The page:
Protection gaps in rape laws and barriers to accessing justice continue to lead to effective denial of justice for survivors of sexual violence in South Asia, including in Sri Lanka.
Patterns of Sexual Violence in Sri Lanka
Prevalence of Sexual Violence
There were 1792 reported rape cases in Sri Lanka in 2018, and 1779 in 2019, with 1490 cases of rape against children reported in 2019.
Patterns of Sexual Violence Against Women and Girls From Socially Excluded Communities
Numerous cases of sexual violence have been reported against Tamil women, particularly during the conflict. While there is no official estimate of the number of such rape cases, Human Rights Watch has found that sexual violence perpetrated against Tamil women by security forces has continued even after the end of the conflict. The report provides detailed accounts of 75 cases of alleged rape and sexual abuse between 2006-2012 in both official and secret detention centers across Sri Lanka, where army, police, and pro-government Tamil paramilitary groups frequently participated in rapes.
The Law Relating to Sexual Violence in Sri Lanka
Definitions of Sexual Violence and Consent
- While the rape offense is narrowly applied to include peno-vaginal penetration only, other forms of sexual penetration are covered under the crime of “grave sexual abuse” which carries the same penalties as rape.
- Sri Lankan law provides that consent is immaterial in cases of sexual violence with a person in detention. Other forms of coercive circumstances where the victim is raped by a person in a position of authority such as the management of a remand home, hospital, custodial home, and the like are considered as aggravating factors, though lack of consent still needs to be proved in such cases.
- Sri Lankan law recognizes that consent is immaterial in situations where the victim is incapable of giving consent, such as unsoundness of mind and intoxication.
- The law explicitly permits marital rape unless the parties are judicially separated.
- The law explicitly permits marital rape of children over the age of 12. This is in conflict with Sri Lanka’s family law which sets the minimum age of marriage at 18, though personal laws such as the Muslim Marriage and Divorce Act have no minimum legal age of marriage.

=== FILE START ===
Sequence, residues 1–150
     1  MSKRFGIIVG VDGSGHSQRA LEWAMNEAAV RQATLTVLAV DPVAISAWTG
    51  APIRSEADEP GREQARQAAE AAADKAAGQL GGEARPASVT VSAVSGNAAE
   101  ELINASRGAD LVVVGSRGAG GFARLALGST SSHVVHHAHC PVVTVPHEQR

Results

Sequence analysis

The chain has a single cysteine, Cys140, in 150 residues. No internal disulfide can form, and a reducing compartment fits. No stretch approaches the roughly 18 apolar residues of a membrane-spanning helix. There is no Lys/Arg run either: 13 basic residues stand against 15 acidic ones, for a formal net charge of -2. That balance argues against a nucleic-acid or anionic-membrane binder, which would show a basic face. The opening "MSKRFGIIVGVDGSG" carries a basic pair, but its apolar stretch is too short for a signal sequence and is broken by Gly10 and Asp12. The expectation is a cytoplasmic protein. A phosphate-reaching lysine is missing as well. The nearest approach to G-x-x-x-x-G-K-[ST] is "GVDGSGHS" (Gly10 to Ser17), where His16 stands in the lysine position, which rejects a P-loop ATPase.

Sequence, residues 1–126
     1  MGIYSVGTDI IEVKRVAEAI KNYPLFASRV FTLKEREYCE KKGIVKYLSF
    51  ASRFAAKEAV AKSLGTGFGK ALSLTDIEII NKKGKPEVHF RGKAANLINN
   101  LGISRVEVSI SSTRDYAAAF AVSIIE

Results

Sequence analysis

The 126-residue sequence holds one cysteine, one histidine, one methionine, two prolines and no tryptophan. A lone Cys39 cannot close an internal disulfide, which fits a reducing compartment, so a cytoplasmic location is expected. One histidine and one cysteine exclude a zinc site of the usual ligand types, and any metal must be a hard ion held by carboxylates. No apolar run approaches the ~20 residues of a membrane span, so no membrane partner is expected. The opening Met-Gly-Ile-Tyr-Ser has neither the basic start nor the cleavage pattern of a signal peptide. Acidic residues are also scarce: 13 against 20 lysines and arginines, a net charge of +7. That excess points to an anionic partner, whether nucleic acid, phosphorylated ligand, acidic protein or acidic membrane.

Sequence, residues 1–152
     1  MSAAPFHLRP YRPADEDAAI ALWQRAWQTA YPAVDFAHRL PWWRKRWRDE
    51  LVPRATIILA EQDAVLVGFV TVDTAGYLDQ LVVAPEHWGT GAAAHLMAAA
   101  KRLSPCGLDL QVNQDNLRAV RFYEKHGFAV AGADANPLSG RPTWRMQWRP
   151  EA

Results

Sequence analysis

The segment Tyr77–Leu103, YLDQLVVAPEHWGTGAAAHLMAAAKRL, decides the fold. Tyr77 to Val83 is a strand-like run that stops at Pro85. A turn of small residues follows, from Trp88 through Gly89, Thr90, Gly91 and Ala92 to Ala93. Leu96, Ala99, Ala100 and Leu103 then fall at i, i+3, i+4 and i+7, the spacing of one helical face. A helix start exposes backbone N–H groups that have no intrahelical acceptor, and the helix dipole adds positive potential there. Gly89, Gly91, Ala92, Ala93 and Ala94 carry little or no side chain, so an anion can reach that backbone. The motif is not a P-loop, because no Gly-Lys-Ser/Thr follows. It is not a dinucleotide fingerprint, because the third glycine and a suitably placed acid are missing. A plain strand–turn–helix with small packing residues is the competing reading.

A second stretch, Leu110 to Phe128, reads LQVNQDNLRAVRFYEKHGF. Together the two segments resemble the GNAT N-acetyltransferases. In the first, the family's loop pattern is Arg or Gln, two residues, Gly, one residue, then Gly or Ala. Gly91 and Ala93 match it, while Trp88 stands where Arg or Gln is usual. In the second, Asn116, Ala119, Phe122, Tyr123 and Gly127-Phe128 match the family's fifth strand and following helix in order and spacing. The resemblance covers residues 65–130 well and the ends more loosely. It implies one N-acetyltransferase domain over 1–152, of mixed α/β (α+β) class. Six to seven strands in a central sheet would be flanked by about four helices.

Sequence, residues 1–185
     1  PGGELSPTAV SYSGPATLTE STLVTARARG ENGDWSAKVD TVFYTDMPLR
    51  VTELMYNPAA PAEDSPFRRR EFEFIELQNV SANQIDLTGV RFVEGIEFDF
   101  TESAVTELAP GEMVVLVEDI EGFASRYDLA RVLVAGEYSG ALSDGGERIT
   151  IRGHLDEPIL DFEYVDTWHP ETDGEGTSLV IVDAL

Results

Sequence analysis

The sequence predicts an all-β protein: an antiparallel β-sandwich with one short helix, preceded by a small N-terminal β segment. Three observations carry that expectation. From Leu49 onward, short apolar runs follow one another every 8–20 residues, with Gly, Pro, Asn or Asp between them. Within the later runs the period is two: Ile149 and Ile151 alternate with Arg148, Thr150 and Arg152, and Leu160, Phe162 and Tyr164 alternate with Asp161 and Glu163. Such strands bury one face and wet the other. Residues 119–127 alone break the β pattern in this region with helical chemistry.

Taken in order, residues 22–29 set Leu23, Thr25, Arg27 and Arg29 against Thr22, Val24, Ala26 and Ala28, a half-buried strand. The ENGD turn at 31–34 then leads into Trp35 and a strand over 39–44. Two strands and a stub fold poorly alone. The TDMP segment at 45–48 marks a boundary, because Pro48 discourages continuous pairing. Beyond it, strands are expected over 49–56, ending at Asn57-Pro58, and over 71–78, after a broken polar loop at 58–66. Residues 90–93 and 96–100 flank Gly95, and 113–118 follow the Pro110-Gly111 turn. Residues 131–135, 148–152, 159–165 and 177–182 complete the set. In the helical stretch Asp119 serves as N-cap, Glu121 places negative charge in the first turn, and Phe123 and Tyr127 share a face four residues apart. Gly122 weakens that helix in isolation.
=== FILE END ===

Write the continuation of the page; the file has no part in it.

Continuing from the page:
Laws Requiring/Permitting Discriminatory or Overly Burdensome Evidence
The evidence law specifically allows the introduction of evidence in rape cases which shows that “the prosecutrix was of generally immoral character”.
Special Provisions for the Protection of Socially Excluded Communities
Sri Lanka does not have specific laws or provisions which address the added vulnerabilities of socially excluded communities in relation to crimes of rape/sexual assault.
Barriers to Accessing Justice Within the Criminal Justice System
Through interviews with stakeholders and review of available data and reports, our report found that the implementation of rape laws remain poor and survivors, particularly those from communities marginalized based on caste, class, and ethnicity, face many obstacles in accessing justice, including:
- corruption amongst law enforcement officials,
- failure of the police to register cases of sexual violence,
- long delays in police investigation and trial of rape cases,
- the extremely low conviction rate in rape cases (around 3.8%),
- continued use of the two-finger test,
- difficulties in accessing support services for survivors, and many others.
Explore the full report, Sexual Violence in South Asia: Legal and Other Barriers to Justice for Survivors.
The information on this page is derived from Sexual Violence in South Asia: Legal and Other Barriers to Justice for Survivors, jointly published by Equality Now and Dignity Alliance International in April 2021.